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Ali is not the greatest, says Frazier

MUHAMMAD Ali described his third and final fight with Joe Frazier as "death."

"Closest thing to dyin' that I know of," he said.

Frazier recalls their brutal matchup outside Manila as something much less grandiose. "We just did our job," he said.

The two great heavyweights always have been the yin and yang of boxing. Why should things change nearly 35 years later?

Now 65 and walking with the use of a cane, the slightly stooped Frazier reflected on the iconic fight in Quezon City in 1975 during a wide-ranging interview. He also talked about the contentious relationship between the starring characters, which is the subject of the new HBO documentary "Thrilla in Manila" premiering today.

"I don't think Manila was my greatest fight," Frazier said forcefully.

He ticks off several others in vivid detail, from the Golden Gloves to his gold medal at the Tokyo Olympics, to the "Fight of the Century" - when he beat Ali at Madison Square Garden in 1971 to retain the heavyweight title.

"The greatest fight was '71, when we were all undefeated," he said. "There was more money, more people. I don't know why they make this one out to be the biggest fight."

When it comes to his longtime foil, Frazier is sympathetic to the suffering Parkinson's disease has caused Ali. But as a Christian, Frazier said, he isn't surprised by it, either.

"I'm sorry that he is the way he is, but I didn't have too much to do with it. It was the good man above," Frazier said. "Maybe I did have a little to do with it, but God judges, you know what I'm saying? We don't have the power to judge that the man has above."

Arrogant boasts

Frazier believes that Ali's arrogant boasts of "I am the greatest!" were "a slap in the Lord's face," and that he did the same to his family when he changed his name from Cassius Clay to reflect his Muslim beliefs. "I respect him as a guy who did a fine job in the fight game," Frazier said. "I don't think he really loves me. I didn't like nothing he done, you know?"

That lingering tension can be traced to their epic trilogy, which turned former friends into enemies and culminated with the Araneta Coliseum event outside Manila.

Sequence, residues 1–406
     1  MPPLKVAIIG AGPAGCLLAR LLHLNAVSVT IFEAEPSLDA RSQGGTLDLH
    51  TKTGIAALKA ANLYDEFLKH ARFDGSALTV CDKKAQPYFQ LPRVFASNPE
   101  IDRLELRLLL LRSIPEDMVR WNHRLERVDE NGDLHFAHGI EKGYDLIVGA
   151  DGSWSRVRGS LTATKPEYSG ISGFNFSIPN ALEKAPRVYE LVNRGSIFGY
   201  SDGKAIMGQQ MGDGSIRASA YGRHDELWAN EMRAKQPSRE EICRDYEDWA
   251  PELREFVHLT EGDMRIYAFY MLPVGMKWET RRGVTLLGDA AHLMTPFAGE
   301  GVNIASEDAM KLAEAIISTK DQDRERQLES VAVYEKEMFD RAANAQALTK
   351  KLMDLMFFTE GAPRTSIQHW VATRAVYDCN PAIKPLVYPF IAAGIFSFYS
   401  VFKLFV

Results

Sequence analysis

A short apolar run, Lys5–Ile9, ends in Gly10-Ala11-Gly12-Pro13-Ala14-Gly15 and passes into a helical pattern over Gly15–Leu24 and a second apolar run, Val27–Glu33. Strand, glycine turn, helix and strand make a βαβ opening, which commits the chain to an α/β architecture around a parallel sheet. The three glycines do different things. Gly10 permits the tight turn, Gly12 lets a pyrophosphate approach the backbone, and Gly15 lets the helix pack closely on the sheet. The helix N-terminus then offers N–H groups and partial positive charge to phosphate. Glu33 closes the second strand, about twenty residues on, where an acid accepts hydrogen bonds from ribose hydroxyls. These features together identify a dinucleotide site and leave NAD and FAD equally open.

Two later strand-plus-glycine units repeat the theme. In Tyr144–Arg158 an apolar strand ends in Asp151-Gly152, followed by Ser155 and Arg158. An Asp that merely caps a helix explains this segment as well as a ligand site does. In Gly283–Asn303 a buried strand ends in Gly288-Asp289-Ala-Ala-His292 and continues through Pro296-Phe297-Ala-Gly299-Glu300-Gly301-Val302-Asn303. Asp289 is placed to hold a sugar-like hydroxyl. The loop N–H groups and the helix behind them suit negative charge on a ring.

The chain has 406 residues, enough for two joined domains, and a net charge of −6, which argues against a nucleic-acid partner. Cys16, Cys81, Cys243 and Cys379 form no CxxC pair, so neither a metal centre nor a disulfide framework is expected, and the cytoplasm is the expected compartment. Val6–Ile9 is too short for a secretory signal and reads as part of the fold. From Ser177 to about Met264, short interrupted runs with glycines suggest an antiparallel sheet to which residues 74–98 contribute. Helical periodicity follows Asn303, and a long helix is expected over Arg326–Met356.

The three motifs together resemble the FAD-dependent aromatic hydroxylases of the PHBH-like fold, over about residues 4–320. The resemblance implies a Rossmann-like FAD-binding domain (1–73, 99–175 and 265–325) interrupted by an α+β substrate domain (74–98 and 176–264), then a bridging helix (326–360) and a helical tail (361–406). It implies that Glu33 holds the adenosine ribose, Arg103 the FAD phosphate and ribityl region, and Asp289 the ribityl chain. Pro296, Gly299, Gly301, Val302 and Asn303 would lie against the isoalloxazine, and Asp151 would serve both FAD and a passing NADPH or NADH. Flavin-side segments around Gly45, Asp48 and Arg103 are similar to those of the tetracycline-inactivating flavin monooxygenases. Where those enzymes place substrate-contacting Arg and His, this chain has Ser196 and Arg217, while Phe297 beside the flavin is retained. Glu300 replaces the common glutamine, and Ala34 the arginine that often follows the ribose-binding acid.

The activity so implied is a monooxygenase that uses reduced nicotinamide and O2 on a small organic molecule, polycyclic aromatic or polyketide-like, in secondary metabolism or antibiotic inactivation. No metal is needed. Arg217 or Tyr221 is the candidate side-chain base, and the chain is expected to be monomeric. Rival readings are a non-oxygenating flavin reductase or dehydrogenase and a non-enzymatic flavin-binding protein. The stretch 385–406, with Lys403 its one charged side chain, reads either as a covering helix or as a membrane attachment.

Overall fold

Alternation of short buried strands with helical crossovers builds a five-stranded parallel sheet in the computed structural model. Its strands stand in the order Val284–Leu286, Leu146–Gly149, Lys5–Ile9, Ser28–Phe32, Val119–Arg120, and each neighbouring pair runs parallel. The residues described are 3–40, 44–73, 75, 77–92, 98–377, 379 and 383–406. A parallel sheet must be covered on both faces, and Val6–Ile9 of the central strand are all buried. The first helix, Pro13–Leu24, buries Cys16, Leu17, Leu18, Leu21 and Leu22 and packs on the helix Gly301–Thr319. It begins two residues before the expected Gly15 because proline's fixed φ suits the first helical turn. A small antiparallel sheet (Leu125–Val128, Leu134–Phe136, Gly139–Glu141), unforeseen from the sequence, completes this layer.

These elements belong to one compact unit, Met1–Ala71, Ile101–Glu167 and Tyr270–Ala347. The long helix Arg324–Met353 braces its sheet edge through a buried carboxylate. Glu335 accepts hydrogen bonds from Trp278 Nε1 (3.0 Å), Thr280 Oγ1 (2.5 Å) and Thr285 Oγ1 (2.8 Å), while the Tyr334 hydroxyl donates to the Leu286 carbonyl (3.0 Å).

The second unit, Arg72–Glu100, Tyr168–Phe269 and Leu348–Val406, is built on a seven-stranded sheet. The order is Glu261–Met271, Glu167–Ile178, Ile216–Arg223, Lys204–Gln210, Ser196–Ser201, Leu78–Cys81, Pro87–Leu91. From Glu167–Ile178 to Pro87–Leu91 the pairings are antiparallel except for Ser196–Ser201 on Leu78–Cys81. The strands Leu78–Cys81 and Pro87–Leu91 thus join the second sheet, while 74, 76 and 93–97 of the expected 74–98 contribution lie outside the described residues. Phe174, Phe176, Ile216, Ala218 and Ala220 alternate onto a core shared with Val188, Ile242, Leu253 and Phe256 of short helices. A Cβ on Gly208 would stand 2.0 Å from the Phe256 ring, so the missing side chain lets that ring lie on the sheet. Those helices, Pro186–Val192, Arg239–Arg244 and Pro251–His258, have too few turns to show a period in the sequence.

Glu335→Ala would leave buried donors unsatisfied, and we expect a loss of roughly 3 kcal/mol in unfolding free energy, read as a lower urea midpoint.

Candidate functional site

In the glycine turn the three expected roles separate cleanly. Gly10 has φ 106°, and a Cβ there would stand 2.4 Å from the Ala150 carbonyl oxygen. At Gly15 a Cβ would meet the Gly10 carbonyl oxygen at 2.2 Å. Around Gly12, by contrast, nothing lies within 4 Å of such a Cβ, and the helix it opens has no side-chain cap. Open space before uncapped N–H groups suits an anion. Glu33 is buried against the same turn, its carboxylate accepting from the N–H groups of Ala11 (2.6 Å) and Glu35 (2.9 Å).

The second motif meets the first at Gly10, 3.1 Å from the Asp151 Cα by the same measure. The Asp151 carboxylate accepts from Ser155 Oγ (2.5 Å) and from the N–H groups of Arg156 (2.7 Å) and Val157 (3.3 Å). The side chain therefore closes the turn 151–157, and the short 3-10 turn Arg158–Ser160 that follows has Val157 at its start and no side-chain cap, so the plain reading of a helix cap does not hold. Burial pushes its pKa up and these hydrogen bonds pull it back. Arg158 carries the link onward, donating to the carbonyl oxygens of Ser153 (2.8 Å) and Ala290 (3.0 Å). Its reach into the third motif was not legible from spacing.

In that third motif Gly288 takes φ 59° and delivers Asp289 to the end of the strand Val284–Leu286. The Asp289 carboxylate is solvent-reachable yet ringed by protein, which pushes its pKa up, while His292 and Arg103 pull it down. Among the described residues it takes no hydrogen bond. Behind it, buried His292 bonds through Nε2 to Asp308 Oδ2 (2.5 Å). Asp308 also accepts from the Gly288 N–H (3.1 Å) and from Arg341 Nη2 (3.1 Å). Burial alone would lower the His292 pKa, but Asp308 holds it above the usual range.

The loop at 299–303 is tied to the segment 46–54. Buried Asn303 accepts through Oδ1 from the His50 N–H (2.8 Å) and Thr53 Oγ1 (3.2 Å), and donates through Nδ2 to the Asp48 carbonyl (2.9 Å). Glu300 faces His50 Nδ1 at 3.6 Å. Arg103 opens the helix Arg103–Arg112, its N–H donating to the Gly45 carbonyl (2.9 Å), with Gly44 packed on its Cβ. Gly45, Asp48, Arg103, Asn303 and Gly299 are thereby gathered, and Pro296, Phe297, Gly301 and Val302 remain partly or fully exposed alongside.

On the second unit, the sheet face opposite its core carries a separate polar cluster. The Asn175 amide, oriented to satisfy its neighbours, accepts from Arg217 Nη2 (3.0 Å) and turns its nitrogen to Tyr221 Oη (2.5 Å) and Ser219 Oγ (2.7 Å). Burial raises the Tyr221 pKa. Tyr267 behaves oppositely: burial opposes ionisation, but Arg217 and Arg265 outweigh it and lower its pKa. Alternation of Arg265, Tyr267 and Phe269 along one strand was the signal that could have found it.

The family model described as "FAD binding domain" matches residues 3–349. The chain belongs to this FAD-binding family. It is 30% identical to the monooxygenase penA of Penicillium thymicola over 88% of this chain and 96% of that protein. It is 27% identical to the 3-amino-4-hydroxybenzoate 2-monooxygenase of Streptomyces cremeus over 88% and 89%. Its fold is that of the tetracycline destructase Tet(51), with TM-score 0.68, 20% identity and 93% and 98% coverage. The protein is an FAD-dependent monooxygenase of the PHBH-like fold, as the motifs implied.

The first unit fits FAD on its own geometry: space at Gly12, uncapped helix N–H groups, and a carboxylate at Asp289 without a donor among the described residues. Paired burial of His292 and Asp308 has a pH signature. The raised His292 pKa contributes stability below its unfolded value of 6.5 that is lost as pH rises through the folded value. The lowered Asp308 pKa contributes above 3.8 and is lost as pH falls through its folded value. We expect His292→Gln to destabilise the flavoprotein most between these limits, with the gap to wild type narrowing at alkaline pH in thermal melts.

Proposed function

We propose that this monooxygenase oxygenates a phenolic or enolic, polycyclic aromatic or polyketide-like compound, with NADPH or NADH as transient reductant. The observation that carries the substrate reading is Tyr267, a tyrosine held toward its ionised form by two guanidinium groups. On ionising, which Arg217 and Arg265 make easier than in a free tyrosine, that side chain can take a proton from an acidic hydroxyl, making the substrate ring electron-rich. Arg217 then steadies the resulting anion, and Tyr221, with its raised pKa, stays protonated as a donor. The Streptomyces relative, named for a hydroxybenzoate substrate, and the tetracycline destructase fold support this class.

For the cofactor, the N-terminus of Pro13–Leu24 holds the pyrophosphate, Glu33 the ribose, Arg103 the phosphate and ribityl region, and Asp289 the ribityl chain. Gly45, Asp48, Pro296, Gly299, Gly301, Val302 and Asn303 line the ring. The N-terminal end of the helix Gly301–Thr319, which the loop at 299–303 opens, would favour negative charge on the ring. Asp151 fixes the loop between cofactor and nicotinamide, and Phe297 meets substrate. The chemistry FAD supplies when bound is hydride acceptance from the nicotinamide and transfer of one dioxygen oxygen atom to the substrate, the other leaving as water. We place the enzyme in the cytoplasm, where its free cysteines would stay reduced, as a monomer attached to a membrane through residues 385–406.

It was the rubber match between two bigger-than-life heavyweights on the decline, Ali having beaten Frazier in their 1974 rematch. Following that bout, the tongue-whipping Ali regained the title by beating George Foreman in Zaire, the famed "Rumble in the Jungle."

The animosity that grew over the pair's first two fights reached a climax when, after the Philippines bout was announced, Ali pulled out a black rubber gorilla and famously launched into a poem: "It will be a killa and a chilla and a thrilla, when I get the gorilla in Manila."

"He kept saying, 'Joe Frazier, I'm going to whup you'," Frazier recalled, still pained by the race-baiting attacks. "I said, 'Alright, I'm going to wrap your butt up.' People loved him for his noise."

For 14 rounds the two titans clashed. Ali staggered Frazier in the 12th, then again in the 13th. Even though the scorecards were virtually tied, and against Frazier's objections, his trainer Eddie Futch called a stop to the fight.

Ali later tried to make amends, calling the mocking use of a gorilla a promotional ploy, and said if "God ever calls me to a holy war, I want Joe Frazier fighting beside me."

But the wounds ran deep.

"I don't mind people want to think Muhammad is the greatest fighter around," Frazier said. "Everybody wants to make him great because of his mouth, that he was the best. He was good, but that doesn't make him great. I proved that."


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